Since Mother Nature dumped more than a foot of snow on Montgomery County last week, the county has received nearly 200 complaints about residents or shops who have not removed snow from the sidewalk in front of their homes or businesses.
County law requires people to remove snow and ice from any sidewalk, walkway or parking area on or adjacent to property they own, lease or manage within 24 hours after the snow stops falling.
The county has received 192 requests about snow shoveling since Thursday, county spokeswoman Esther Bowring said Tuesday.
The county law requiring property owners to clear pathways wide enough for use by pedestrians or people in wheelchairs does not apply to unpaved walkways, and walkways or parking areas on the property of a single-family home. People who live in apartments or other multiple-family homes aren’t responsible for removing snow or ice from sidewalks or parking lots.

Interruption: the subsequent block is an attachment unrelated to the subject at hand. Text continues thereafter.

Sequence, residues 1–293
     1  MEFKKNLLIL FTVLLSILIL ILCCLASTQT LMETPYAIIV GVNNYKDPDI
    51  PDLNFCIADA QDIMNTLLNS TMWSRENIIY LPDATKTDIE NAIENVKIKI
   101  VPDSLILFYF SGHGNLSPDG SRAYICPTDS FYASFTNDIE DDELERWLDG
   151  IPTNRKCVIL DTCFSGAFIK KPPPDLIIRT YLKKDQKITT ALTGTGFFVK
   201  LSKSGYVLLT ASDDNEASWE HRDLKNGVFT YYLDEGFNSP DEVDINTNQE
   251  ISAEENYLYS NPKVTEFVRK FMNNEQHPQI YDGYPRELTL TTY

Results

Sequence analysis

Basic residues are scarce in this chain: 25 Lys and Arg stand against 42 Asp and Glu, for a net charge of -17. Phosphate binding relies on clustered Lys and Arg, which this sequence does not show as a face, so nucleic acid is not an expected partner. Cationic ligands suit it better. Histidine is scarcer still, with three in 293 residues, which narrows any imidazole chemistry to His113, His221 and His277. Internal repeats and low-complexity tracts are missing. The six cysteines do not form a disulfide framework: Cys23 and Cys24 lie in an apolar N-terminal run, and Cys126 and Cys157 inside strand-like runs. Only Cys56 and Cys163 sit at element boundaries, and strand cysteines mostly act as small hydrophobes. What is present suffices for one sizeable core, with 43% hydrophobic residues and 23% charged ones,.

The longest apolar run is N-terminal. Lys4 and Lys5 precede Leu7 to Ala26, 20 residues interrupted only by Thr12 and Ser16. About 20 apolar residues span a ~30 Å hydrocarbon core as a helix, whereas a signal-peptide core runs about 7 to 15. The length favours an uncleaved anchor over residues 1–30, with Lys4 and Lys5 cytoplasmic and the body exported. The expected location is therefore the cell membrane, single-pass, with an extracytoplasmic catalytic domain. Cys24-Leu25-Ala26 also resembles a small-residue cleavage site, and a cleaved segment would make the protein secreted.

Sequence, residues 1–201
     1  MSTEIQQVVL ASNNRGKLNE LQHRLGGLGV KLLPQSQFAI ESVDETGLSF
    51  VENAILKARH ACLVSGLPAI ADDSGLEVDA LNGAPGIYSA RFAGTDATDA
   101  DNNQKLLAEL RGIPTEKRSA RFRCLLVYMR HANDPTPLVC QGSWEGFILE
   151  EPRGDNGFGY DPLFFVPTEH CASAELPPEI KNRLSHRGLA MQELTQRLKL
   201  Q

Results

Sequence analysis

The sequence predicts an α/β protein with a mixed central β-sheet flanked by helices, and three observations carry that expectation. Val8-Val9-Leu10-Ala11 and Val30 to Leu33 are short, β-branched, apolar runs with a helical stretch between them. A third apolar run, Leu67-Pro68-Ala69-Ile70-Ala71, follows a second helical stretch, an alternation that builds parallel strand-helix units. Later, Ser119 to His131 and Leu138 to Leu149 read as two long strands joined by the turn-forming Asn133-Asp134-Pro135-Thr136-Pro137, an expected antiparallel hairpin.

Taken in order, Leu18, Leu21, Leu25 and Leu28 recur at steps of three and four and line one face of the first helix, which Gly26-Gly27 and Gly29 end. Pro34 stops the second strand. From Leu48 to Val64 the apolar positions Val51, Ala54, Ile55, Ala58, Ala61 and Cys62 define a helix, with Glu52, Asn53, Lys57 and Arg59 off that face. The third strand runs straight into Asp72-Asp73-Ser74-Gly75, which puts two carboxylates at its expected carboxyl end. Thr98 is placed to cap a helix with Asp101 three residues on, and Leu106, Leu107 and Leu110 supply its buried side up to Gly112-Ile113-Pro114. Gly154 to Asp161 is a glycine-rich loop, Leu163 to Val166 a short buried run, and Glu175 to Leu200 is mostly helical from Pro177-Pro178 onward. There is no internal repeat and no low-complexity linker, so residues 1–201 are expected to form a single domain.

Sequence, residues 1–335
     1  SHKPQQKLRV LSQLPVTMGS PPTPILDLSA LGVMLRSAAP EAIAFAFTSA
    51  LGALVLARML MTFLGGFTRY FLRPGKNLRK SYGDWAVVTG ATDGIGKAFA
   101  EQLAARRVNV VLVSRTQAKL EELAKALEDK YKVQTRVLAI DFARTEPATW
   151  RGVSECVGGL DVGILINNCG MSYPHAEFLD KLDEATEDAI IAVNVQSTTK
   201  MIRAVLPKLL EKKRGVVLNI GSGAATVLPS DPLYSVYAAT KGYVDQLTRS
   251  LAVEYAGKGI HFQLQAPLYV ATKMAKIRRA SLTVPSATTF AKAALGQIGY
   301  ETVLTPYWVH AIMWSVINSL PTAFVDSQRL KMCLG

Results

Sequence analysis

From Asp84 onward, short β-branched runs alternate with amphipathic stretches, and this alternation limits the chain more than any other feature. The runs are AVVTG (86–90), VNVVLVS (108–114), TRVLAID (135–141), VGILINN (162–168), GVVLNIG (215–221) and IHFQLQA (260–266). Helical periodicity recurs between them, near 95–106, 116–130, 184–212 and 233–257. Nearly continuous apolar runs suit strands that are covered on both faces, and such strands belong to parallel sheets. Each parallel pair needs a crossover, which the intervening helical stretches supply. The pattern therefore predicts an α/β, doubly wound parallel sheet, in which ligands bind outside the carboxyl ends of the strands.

If ice or packed-down snow is “impossible or unreasonably difficult to remove,” a property owner is responsible for putting down sand, salt or some other material so that the area is safe for people to walk on, according to the law.
Last week’s storm featured multiple times when snow fell, causing the 24-hour timetable to reset several times, Bowring said.
The county is in the process of sending out letters to property owners who didn’t clear their sidewalks, she said.
A violation results in a $50 fine for residential properties and a $50-per-day violation for multifamily and commercial properties.
By Thursday morning, Damascus reported 19 inches of snow, the highest in Montgomery or Frederick counties, according to the National Weather Service.
The only area not to report more than a foot of snow by that time was Takoma Park at 9.2 inches.
It was the worst winter storm to hit Maryland since the “Snowmageddon” of 2010.
The county’s policy is that 12 inches of snow should take about 60 hours to be cleaned up, county spokesman Patrick Lacefield said Tuesday.
Plow crews focused on clearing primary and arterial roads first but were able to complete first runs through county neighborhoods by around 7 p.m. Friday, he said.
The county used about 680 pieces of equipment in dealing with the storm, Lacefield said.